Last weekend a group of about twelve friends and I went to spend the weekend in Cogne, on the Aosta side of the mountainous Parco Gran Paradiso. The idea was to go skiing or hiking. I was hesitant to ski after an eight-year hiatus, but when I saw the cross-county skiers skiing right outside the hotel I started to wish I had brought my ski stuff. Maybe next time!
These mountain towns have an atypical architecture for Italy–steeper slate roofs and lots of rustic carved wood. Add small lights outside the stores and restaurants and it’s very cozy! We also ate extremely well in our hotel, which had a fixed menu with all three traditional courses plus fruit and dessert. My favorite dish of the weekend was apple and walnut risotto. We were also in grolla di amicizia territory. I didn’t try it but some of our group did. After a full day in the cold, however, I did try a bombardino. It was not as alcoholic as the name would imply.
The non-skiers walked most of the day on Sunday–in the morning some of us hiked up the mountain stream to Valnontey and in the afternoon a larger group walked to Lillaz, where there are waterfalls just outside the town. Everything was frozen, which made the paths very slippery, but it was still fun.
On the way back from the waterfalls we stopped in Lillaz for hot drinks. Lillaz is really just a collection of houses and barns, probably not more than 100 inhabitants, so when seven of us entered the tiny town bar (in Italy bars are first and foremost for coffee), every head turned. But we weren’t the strangest thing in the room. We were met by a waiter wearing a scarf, apron, beret, a pair of detachable reading glasses, and a fierce expression as he looked over his order pad. Otherwise, the room was cozy with dark wood, red painted walls and lots of books. The bar probably occupied half the room and we occupied another quarter of it. I’m guessing my American accent did not go unnoticed, but for once I wasn’t the only one who stuck out, so that was comforting.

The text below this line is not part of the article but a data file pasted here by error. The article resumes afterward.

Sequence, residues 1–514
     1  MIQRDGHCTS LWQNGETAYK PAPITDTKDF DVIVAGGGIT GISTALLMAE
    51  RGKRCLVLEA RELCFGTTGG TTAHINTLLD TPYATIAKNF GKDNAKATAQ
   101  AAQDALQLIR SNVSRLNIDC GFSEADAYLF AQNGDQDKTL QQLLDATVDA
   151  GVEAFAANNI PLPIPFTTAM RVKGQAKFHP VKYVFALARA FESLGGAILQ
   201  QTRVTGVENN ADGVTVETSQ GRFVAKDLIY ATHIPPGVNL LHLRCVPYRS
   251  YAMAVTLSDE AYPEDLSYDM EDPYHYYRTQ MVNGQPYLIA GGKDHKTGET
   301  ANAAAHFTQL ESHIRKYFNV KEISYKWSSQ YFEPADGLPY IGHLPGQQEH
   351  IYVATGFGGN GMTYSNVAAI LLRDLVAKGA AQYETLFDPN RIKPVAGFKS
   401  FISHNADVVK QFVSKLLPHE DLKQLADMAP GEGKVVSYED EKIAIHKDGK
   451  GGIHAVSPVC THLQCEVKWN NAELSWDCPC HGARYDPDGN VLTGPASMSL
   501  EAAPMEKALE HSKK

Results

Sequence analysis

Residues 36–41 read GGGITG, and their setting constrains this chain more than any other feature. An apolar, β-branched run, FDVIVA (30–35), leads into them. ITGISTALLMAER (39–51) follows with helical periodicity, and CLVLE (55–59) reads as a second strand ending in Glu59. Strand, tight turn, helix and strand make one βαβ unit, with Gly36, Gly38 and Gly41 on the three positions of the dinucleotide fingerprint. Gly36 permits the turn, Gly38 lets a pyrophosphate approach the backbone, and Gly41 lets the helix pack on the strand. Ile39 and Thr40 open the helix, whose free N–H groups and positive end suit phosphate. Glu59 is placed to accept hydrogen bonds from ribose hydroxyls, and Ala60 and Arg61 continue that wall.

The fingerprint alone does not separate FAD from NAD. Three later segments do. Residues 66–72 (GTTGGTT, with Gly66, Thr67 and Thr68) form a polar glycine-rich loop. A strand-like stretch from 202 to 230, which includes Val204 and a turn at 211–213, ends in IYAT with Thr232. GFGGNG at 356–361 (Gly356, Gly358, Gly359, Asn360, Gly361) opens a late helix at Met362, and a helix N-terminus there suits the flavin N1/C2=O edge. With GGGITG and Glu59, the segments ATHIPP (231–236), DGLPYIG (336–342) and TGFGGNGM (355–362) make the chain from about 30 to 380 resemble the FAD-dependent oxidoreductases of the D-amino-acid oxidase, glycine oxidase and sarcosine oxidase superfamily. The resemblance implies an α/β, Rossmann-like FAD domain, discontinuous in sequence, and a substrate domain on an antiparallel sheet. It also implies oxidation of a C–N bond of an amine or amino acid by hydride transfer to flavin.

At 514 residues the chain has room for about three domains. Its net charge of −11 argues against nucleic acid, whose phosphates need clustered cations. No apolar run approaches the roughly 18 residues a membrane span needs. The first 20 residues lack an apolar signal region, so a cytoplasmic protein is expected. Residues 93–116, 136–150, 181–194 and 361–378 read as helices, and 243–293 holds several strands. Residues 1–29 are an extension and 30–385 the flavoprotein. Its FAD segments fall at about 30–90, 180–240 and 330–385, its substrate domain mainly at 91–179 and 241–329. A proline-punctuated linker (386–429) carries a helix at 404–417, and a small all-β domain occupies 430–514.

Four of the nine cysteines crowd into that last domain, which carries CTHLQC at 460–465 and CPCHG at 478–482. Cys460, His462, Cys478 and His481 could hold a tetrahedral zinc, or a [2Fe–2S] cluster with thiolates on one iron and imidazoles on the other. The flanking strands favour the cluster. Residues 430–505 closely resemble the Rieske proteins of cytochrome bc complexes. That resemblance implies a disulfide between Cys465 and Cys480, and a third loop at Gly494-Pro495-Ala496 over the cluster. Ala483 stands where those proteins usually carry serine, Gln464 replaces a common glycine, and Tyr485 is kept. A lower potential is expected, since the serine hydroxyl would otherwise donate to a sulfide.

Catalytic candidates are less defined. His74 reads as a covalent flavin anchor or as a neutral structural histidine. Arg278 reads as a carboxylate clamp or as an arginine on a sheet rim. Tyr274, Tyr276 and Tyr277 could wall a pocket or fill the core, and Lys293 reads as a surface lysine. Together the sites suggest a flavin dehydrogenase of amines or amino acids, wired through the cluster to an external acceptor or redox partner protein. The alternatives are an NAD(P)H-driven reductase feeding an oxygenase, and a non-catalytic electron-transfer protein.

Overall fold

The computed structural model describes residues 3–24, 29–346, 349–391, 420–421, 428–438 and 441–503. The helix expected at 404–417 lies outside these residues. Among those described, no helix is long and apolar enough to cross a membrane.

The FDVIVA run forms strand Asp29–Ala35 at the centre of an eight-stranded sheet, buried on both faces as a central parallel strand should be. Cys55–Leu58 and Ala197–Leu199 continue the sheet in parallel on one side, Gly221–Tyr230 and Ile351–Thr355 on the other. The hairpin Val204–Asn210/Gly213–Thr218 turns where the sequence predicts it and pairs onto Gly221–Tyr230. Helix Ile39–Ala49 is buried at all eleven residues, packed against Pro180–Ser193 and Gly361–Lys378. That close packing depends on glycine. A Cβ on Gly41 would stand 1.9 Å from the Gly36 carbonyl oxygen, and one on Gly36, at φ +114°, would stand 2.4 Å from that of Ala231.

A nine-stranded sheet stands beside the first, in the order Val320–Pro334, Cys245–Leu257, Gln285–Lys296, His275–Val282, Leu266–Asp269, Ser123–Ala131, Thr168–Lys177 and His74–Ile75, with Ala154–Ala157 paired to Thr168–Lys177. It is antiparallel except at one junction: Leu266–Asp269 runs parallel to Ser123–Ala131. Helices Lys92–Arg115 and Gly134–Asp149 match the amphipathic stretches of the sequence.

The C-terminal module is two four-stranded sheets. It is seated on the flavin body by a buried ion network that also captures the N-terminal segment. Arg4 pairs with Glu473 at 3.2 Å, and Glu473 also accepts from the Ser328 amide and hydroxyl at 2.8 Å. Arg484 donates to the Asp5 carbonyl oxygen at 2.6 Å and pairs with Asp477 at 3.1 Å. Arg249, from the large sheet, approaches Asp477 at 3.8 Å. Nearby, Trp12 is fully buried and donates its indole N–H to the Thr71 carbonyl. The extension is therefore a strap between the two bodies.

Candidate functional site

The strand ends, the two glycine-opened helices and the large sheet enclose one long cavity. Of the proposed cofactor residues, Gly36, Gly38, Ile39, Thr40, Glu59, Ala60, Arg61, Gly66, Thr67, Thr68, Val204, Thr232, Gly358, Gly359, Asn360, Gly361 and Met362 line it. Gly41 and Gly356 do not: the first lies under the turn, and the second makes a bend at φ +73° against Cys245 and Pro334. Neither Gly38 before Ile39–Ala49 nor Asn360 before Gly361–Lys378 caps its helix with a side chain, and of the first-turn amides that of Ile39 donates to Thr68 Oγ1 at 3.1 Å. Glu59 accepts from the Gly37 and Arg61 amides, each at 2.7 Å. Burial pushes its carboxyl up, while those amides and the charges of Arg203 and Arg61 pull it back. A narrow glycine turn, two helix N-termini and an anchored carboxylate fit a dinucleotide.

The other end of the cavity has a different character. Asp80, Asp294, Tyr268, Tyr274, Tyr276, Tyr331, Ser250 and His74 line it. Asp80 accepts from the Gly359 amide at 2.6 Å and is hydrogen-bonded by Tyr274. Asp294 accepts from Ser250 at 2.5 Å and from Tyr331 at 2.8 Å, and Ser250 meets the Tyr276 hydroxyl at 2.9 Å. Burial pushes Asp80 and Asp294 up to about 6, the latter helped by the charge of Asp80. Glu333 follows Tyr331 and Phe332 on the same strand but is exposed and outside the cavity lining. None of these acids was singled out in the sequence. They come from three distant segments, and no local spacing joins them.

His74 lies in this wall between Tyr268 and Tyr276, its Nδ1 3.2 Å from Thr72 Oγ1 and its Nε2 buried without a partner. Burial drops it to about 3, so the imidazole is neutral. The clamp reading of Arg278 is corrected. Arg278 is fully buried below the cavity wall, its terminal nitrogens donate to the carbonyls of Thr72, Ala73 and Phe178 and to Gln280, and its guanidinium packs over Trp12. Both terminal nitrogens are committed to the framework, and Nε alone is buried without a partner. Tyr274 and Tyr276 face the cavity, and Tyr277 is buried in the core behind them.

Unfortunately my posts and photos have to leave out the most important part of a trip like this–my friends!* As a rule I don’t post photos or anecdotes about them because it would be an invasion of their privacy. But the Italian concept of friendship is one of large, hospitable and relatively tolerant groups, even if occasionally some of us drive the rest a bit crazy. This trip included conspiracy theories, a bit of accidental skiing, a wacky cab ride, and long stretches of southern Italian history told in a Neapolitan accent. I wouldn’t have it any differently.
*For full disclosure, one of my friends may have taken a couple of the photos of Valnontey, because my aging battery shut my phone down when I tried to take pictures. And of course someone else took the photo of me. Thanks!